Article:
DFO would only accept science that says PRV is weak and of “minimal risk” to wild salmon.
I did a deep dive into the internal DFO conversation on PRV, through the Freedom of Information Act. I wanted to know how they reconciled ignoring the evidence that PRV is harming salmon in B.C.
I found an email that calls into question DFO’s understanding of the threat of PRV to wild salmon.
In 2016, a DFO virologist in its aquaculture division sent a PRV sample to a leading virologist in Norway to find out if it was capable of causing disease in salmon.
On April 4, 2017 the Norwegian virologist wrote back: “…we would like to inform you about the first outcome of the experimental challenge with the B.C. isolate you send us...”
Then the next 11 lines of text are redacted. We can’t see how virulent the virus was. Then he writes:
“I would not recommend to use energy about the question if PRV causes HSMI or not...”
Does this mean that DFO has known for three years that the virus causing disease, making it more than a “minimal risk”? I have asked ministers and the scientists involved for the information in this email. Silence.
DFO took its conversation with the Norwegian virologist off the DFO server, so there is no further record on this critical matter.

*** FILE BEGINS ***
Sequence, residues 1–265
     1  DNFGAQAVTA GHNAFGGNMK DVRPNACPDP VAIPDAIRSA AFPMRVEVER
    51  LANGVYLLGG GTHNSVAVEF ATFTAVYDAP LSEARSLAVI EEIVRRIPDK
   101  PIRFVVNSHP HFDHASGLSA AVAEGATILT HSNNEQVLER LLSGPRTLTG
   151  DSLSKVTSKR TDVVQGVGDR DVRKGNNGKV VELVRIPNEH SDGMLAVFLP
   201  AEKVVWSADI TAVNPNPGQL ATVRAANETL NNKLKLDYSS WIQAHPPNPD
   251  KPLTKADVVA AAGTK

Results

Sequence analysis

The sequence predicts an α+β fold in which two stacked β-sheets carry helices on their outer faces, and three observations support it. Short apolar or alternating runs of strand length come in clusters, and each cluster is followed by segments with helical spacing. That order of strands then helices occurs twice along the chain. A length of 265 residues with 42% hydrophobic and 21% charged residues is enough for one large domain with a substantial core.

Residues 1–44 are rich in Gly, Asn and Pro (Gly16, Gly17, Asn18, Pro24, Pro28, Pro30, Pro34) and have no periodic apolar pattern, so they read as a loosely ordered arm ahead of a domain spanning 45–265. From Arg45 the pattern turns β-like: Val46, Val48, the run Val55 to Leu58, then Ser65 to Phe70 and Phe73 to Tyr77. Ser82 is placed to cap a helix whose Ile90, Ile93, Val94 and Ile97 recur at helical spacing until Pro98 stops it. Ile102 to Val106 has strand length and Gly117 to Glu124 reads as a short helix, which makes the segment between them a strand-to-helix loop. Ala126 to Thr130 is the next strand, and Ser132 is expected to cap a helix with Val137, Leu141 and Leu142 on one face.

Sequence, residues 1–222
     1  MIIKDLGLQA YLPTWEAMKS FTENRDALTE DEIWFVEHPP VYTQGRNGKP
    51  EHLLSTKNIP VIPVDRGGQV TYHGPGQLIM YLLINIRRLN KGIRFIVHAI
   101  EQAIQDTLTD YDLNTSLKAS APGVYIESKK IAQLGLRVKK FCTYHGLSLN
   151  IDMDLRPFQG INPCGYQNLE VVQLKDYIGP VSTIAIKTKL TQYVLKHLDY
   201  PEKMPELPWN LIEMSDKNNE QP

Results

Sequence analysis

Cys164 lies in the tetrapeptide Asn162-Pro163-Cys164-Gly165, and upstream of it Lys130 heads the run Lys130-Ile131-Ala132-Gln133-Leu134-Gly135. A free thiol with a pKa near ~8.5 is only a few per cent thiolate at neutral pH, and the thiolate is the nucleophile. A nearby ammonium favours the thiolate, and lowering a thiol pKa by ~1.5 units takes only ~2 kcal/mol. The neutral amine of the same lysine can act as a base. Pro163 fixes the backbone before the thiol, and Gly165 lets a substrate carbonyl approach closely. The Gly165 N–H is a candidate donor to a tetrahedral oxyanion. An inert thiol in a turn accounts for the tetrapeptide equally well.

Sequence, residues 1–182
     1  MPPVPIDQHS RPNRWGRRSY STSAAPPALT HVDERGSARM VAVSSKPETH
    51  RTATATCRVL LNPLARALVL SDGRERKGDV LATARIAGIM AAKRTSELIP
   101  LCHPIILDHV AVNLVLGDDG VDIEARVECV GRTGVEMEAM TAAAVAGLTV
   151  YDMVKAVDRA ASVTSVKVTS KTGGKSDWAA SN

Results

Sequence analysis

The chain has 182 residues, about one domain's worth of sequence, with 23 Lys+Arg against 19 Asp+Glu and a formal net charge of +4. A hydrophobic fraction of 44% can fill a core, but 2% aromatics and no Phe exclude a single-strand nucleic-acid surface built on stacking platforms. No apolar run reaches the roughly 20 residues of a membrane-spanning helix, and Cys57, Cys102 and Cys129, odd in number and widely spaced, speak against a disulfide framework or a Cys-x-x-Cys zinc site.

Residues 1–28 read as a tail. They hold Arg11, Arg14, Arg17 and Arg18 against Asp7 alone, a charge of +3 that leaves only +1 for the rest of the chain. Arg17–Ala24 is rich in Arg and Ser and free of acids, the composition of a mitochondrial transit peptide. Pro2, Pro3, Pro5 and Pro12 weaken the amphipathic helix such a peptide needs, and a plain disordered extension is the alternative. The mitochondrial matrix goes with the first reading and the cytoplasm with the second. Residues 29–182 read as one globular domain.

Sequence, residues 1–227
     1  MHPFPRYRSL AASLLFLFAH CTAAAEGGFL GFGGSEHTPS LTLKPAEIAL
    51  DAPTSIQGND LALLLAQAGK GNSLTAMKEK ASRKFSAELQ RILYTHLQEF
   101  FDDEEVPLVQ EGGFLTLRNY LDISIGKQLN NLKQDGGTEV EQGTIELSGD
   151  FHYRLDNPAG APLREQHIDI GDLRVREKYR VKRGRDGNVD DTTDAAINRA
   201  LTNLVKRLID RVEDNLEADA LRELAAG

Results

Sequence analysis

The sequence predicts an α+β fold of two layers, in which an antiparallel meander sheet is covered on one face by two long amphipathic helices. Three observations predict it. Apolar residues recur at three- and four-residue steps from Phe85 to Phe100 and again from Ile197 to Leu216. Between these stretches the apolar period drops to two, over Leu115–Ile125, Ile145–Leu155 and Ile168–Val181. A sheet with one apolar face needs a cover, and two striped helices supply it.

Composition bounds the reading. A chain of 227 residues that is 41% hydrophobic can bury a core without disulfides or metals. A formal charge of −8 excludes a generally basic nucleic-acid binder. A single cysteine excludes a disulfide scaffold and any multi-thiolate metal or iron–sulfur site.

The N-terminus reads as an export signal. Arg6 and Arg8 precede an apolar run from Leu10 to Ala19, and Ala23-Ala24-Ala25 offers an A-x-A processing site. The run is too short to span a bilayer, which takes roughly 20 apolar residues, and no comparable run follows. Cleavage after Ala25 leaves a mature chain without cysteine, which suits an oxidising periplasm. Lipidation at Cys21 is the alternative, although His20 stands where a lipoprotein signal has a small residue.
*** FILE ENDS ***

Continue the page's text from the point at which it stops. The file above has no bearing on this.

Today, Canadians have been ordered to give up income and food to protect Chinook salmon to rescue the southern resident orcas from extinction.
A rock slide into the Fraser River this summer brought a further DFO order that fishermen must release big Chinook salmon, as they might be the only ones powerful enough to swim past the slide.
Despite this admission, DFO is ignoring the warnings of independent, DFO, and Norwegian scientists that PRV appears to weaken salmon to the point that they can’t get up a river.
The minister of fisheries is allowing three Norwegian companies to expose Fraser River salmon to a virus that appears to impede their ability to reach their spawning grounds and he wants to write this privilege into law.
Exactly one month ago on July 11, I launched a website to make it easy for people to ask the minister to release the unredacted email, so we can see what DFO knows about how virulent PRV is before he legalizes PRV-infected farm salmon.
What is it that we are not allowed to know?
The evidence suggests that the future of wild salmon in B.C. depends on allowing them to come and go to sea without being infected with PRV from salmon farms.